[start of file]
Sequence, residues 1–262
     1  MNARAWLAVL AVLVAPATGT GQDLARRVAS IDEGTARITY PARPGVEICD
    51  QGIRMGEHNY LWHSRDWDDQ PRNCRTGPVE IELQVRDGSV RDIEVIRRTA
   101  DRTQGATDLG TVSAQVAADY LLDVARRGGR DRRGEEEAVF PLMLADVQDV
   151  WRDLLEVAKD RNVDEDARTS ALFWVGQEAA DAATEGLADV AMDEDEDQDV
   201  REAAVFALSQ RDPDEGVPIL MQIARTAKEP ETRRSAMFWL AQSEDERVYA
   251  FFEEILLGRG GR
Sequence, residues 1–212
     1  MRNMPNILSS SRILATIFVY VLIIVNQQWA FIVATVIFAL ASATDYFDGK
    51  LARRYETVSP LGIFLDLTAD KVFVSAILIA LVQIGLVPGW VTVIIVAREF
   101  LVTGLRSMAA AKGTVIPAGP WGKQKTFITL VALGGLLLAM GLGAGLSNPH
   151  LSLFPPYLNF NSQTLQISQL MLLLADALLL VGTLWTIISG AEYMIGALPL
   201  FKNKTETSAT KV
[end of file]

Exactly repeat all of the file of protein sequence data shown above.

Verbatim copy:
Sequence, residues 1–262
     1  MNARAWLAVL AVLVAPATGT GQDLARRVAS IDEGTARITY PARPGVEICD
    51  QGIRMGEHNY LWHSRDWDDQ PRNCRTGPVE IELQVRDGSV RDIEVIRRTA
   101  DRTQGATDLG TVSAQVAADY LLDVARRGGR DRRGEEEAVF PLMLADVQDV
   151  WRDLLEVAKD RNVDEDARTS ALFWVGQEAA DAATEGLADV AMDEDEDQDV
   201  REAAVFALSQ RDPDEGVPIL MQIARTAKEP ETRRSAMFWL AQSEDERVYA
   251  FFEEILLGRG GR
Sequence, residues 1–212
     1  MRNMPNILSS SRILATIFVY VLIIVNQQWA FIVATVIFAL ASATDYFDGK
    51  LARRYETVSP LGIFLDLTAD KVFVSAILIA LVQIGLVPGW VTVIIVAREF
   101  LVTGLRSMAA AKGTVIPAGP WGKQKTFITL VALGGLLLAM GLGAGLSNPH
   151  LSLFPPYLNF NSQTLQISQL MLLLADALLL VGTLWTIISG AEYMIGALPL
   201  FKNKTETSAT KV